BetOnSports Founder Pleads Guilty in Racketeering CaseThe founder of the now-defunct Internet gambling firm BetOnSports pleaded guilty Friday to conspiracy and racketeering bills.
The founder, Gary S. Kaplan, admitted to numerous charges of conspiracy to violate the Racketeer Influenced and Corrupt Organizations Act. He agreed to serve 41 to 51 months in prison and forfeit $43.65 mlln., in line with a Justice Department statement.
He entered the plea in U.S. District Court in St. Louis.
Mr. Kaplan and his firm were accused of violating federal laws banning the interstate transmission of wagers by wire. He was arrested in the Dominican Republic in March 2007, and has been in custody since then. He was indicted on the bills in 2006.
Now bankrupt, BetOnSports took in $1.25 billion in 2004, with 98 percent of that income coming from bets made by means of its Web site by purchasers in the U.S.. The firm, which is based in London, suspended trading of its shares on the London Stock Exchange on July 18, 2006, someday after the indictment was unsealed.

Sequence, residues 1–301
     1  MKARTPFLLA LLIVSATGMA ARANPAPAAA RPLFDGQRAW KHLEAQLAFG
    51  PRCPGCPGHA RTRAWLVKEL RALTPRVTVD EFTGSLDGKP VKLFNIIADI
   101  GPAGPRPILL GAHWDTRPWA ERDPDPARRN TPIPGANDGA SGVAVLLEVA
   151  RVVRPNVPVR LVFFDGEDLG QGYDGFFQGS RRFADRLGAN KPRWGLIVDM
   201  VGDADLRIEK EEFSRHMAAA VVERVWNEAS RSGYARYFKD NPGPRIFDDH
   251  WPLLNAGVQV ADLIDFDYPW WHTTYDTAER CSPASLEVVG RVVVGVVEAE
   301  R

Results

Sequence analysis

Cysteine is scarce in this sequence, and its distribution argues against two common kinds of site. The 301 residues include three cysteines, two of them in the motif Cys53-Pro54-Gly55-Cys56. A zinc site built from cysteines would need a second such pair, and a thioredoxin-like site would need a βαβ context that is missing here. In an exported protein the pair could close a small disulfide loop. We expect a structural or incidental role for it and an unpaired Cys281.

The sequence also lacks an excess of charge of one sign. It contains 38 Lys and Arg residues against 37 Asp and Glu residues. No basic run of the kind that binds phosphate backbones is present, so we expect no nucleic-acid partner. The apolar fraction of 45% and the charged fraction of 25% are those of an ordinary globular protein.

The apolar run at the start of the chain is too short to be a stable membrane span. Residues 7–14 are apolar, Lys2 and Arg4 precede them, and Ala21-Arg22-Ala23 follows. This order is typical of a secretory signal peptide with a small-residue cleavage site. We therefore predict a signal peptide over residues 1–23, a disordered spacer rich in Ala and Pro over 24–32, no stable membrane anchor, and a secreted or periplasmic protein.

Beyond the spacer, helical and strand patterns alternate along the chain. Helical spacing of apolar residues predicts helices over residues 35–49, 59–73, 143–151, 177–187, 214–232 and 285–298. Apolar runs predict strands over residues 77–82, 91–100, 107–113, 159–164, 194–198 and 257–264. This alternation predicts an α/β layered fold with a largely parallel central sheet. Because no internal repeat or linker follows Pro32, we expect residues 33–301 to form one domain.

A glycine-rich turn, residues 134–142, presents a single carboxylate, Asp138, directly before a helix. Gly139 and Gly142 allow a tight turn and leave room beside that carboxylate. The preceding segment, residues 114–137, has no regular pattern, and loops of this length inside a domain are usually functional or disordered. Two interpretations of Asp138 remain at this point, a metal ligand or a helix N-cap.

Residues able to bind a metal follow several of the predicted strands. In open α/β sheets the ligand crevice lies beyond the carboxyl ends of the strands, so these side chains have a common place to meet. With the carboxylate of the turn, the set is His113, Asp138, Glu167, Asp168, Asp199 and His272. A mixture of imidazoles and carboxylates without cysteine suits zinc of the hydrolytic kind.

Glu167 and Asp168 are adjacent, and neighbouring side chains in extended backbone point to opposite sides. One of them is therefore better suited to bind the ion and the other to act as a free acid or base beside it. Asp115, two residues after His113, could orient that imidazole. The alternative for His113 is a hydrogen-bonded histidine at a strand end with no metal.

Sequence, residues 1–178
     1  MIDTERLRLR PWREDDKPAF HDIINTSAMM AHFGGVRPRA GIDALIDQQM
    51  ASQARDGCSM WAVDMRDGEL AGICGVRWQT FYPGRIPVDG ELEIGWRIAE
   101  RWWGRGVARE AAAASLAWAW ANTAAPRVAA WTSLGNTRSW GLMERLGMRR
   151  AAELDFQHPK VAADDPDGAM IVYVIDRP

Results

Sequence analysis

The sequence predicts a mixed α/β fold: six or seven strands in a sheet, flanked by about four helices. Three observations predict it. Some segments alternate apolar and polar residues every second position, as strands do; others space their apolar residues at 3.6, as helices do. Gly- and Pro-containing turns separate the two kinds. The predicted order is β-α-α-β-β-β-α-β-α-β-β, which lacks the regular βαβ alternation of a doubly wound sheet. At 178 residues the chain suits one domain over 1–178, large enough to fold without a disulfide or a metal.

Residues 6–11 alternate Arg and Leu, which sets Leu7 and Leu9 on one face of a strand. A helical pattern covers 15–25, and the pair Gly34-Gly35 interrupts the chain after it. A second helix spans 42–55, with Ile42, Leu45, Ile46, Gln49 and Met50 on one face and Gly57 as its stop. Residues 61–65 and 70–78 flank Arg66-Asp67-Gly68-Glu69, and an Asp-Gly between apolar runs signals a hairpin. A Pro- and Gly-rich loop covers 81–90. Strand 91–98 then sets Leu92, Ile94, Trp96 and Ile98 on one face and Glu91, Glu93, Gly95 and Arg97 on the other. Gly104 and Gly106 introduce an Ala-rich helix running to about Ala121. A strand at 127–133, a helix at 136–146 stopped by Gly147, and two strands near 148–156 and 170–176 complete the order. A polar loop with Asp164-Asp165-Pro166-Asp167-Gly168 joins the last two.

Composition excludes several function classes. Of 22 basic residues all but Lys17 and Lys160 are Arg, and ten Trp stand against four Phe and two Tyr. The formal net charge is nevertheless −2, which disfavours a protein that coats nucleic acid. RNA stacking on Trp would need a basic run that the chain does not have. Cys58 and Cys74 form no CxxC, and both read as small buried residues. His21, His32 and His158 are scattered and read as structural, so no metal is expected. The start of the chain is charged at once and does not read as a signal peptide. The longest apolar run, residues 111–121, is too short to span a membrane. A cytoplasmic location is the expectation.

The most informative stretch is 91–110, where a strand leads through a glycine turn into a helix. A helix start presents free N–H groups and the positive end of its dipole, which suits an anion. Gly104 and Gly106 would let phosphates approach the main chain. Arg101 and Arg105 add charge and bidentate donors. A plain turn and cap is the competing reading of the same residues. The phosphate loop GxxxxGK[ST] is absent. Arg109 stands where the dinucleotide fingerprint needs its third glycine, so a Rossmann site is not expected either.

Mr. Kaplan entered a binding plea arrangement, which the judge must either accept or reject unaltered at Mr. Kaplan’s sentencing on Oct. 27.
“This brings to an end a markedly controversial enforcement action,” a Houston protection lawyer, Dan Cogdell, who accompanied Mr. Kaplan in court, mentioned in a phone interview. “Kaplan long believed that what he did was lawful; it was only in the last many years he recognized it wasn’t lawful. He’s produced every effort to make amends.”
Mr. Cogdell mentioned the government agreed to drop additional bills if the judge granted the plea deal. He mentioned Mr. Kaplan should receive credit at sentencing for the two years he has earlier spent in prison.
Since Mr. Kaplan’s indictment, BetOnSports filed for liquidation and, in May 2007, entered a guilty plea to racketeering bills.
The indictment named the company; Mr. Kaplan; the chief executive, David Carruthers; and 9 other people. Mr. Carruthers admitted to one count of racketeering conspiracy in April.
All of the other individual defendants, this includes the founder’s siblings, Neil Scott Kaplan and Lori Beth Kaplan Multz, pleaded guilty to criminal bills in the case, leaving their brother as the lone defendant facing trial.